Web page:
Priorities

Since 2017, Schuyler has fought to increase access to affordable healthcare, to lower prescription drug costs, to invest in our public education system, and to pass common-sense gun safety legislation.

Increasing and improving access to high-quality, affordable healthcare is a top priority for Schuyler. In 2018, Schuyler voted to expand Medicaid — which gave healthcare access to more than 500,000 Virginians. He will continue to fight to lower prescription drug costs and improve our healthcare system so that it works better for working families.

Every woman should be allowed to consult with her doctor and make her own reproductive healthcare decisions. Whether she says “no” to an unwanted pregnancy or “yes” to becoming a parent, her choices should be free of punishment, judgement, or political interference like Virginia’s Targeted Restrictions on Abortion Providers (or TRAP regulations). Schuyler is prepared to fight back against any threats to reproductive healthcare — including dangerous abortion bans — and will defend and protect access to safe, legal abortions in Virginia.

Schuyler continues to teach in Virginia’s public school system even while serving the people of the 72nd district. Every day he sees firsthand that his community values a strong public education system. As delegate, he sat on the commission for school safety in 2018, helped raise teacher pay by 5% in 2017, and increased access to school counselors in 2019. However, we still need to make historic investments in our schools and make the system more equitable. This includes hiring support staff, reducing the cost of higher education, and making sustained investments to ensure every child has access to a world-class education in the Commonwealth.

In 2021, Schuyler played a key role in passing the Virginia Voting Rights Act. This legislation increased access to the ballot box for all Virginians — expanding early voting and voting-by-mail infrastructure. Schuyler is proud of the work he has done to make Virginia a national leader in voting. He believes we also must provide civics education and paths to participation because when more people vote and are engaged in the democratic process, our democracy is better.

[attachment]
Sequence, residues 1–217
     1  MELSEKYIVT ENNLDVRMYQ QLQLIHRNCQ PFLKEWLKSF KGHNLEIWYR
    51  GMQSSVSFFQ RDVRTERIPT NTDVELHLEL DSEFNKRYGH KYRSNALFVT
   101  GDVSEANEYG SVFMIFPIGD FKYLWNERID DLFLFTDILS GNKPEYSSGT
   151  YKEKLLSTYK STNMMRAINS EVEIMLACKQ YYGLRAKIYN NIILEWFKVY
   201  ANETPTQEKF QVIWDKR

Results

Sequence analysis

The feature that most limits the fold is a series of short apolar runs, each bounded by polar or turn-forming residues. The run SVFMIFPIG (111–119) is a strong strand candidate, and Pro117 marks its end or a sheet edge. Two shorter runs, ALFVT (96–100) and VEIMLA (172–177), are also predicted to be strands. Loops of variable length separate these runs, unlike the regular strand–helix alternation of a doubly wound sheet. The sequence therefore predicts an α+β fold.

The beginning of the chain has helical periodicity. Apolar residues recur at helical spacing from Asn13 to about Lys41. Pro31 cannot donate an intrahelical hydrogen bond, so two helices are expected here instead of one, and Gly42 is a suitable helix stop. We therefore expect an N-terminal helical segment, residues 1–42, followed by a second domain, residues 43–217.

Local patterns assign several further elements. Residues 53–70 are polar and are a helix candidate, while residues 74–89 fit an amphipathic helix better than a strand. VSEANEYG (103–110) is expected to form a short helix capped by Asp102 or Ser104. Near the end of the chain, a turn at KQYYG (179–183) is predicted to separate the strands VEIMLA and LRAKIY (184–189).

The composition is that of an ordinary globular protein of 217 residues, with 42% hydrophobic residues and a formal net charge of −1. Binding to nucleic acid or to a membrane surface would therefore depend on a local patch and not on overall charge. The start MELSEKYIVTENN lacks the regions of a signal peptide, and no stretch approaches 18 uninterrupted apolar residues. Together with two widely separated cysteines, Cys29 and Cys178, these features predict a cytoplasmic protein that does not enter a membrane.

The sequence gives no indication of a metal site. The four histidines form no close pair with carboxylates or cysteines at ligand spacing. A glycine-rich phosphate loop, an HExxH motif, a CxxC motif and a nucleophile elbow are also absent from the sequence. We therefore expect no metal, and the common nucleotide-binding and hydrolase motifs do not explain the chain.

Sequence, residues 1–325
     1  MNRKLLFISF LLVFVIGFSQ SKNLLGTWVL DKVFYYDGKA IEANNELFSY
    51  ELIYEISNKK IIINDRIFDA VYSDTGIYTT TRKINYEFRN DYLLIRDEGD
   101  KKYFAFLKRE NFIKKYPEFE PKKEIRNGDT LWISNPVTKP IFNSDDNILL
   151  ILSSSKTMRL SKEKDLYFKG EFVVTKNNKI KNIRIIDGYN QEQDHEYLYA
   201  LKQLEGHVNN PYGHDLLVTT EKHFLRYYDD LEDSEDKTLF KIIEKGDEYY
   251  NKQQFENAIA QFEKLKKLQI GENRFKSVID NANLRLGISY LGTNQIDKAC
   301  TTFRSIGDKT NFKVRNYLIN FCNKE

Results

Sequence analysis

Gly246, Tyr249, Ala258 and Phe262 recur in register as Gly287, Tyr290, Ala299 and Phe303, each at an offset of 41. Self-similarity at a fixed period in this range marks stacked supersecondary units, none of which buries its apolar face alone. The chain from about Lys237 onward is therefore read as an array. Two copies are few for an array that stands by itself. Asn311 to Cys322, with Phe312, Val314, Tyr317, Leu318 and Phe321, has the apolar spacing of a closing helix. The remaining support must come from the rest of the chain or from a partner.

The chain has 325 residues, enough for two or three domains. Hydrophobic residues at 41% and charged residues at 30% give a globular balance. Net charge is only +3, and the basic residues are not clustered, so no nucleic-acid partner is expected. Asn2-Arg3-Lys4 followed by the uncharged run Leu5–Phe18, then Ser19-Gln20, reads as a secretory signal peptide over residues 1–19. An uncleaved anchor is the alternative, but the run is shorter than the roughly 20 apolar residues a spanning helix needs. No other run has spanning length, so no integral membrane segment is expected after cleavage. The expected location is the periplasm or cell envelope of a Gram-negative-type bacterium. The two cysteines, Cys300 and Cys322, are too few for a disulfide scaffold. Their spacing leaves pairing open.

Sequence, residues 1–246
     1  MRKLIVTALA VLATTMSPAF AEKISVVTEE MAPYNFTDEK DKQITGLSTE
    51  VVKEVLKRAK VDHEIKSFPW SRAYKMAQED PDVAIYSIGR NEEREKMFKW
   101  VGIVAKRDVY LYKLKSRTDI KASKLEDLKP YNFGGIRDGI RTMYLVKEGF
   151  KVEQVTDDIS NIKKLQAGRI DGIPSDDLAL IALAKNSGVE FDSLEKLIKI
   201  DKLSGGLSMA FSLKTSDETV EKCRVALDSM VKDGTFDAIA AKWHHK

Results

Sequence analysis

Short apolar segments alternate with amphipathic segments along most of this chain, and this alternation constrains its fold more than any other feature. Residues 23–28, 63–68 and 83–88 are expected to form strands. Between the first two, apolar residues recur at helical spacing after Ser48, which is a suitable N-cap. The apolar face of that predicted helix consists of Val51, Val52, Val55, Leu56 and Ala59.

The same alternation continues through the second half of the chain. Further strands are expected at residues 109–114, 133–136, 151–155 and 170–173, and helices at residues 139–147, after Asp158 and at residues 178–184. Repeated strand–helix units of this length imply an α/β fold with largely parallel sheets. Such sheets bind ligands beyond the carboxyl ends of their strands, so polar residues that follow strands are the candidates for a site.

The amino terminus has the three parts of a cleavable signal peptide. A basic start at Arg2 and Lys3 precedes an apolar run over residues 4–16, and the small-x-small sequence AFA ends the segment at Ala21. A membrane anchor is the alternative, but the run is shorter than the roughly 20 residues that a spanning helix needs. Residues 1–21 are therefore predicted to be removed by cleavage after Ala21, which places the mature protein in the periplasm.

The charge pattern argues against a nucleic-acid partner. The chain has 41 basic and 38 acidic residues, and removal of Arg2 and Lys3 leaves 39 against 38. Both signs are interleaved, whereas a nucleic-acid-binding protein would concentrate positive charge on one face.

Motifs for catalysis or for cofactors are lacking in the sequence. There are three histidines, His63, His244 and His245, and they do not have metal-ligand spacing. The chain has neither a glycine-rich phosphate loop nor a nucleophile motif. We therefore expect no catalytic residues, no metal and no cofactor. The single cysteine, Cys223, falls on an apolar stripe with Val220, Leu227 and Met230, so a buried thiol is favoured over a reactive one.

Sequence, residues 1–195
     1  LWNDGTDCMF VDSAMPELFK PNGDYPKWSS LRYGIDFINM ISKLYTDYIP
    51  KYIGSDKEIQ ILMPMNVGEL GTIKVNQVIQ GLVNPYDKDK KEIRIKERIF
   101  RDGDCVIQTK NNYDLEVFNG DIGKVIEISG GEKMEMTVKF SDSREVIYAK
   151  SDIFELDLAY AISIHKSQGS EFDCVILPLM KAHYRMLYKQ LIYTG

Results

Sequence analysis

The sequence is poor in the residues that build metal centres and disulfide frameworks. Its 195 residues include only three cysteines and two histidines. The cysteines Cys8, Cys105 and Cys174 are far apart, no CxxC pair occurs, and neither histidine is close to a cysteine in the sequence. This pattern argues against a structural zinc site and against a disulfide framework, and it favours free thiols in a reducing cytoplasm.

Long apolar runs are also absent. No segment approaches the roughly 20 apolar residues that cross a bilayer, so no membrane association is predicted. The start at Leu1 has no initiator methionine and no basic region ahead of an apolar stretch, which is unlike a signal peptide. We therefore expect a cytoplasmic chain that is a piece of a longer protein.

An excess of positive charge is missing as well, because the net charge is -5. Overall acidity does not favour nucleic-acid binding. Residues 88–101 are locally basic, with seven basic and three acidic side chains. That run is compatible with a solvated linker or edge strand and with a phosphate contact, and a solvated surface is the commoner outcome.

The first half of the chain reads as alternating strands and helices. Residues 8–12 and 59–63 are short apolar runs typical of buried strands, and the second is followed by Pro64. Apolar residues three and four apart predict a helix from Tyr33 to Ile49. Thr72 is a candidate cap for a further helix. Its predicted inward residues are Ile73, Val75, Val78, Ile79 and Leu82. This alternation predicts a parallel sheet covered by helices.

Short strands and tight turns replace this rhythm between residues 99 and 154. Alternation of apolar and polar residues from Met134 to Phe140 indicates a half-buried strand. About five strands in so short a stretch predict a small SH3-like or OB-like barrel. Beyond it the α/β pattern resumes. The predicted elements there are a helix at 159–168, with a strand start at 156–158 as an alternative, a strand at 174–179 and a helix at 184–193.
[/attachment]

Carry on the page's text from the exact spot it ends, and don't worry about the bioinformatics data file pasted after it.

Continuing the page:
Virginia can and must be a more equitable place to live for all families and all people, including people of color and LGBTQ+ individuals. Schuyler is ready to defend equal rights and fight for fair opportunities. He has and will continue to advocate for anti-discrimination legislation and fair housing laws, making sure that it is no longer legal in Virginia to fire a person from a job, deny them a loan, or refuse them service based on their sexuality or gender identity. He will also ensure that we contend with our long and ugly history of racial oppression, discrimination, and disenfranchisement in order to build a better future for all.

Virginia was recently named the best state for business for the second year in a row by CNBC. The Commonwealth is capable of building an economic environment that provides equal opportunity for all. Schuyler has sponsored and worked on legislation to promote apprenticeship and job training programs, eliminate restrictive non-compete clauses for low-wage workers, and raise the minimum wage. He is passionate about building an economy that works for all Virginians and bringing more good-paying jobs to Henrico. 

There is no disputing the fact that climate change is happening. We are measuring the hottest months on record, and experiencing erratic, dangerous weather across the globe. But while protecting our planet is a necessity, Schuyler believes that we don’t have to sacrifice our economy in order to take urgent action. We can work toward a clean energy future by investing in green energy innovations that will do three key things at once: protect our planet, reduce Virginians’ energy bills, and build new modern jobs.

In partnership with End Citizens United/Let America Vote, Delegate VanValkenburg is proud to support an anti-corruption and ethics reform agenda that focuses on banning the personal use of campaign funds, setting contribution limits for individuals and corporations, and requiring donor and spending disclosure from corporations, ‘dark money’ groups, non-profits, and other entities who spend money to influence our elections.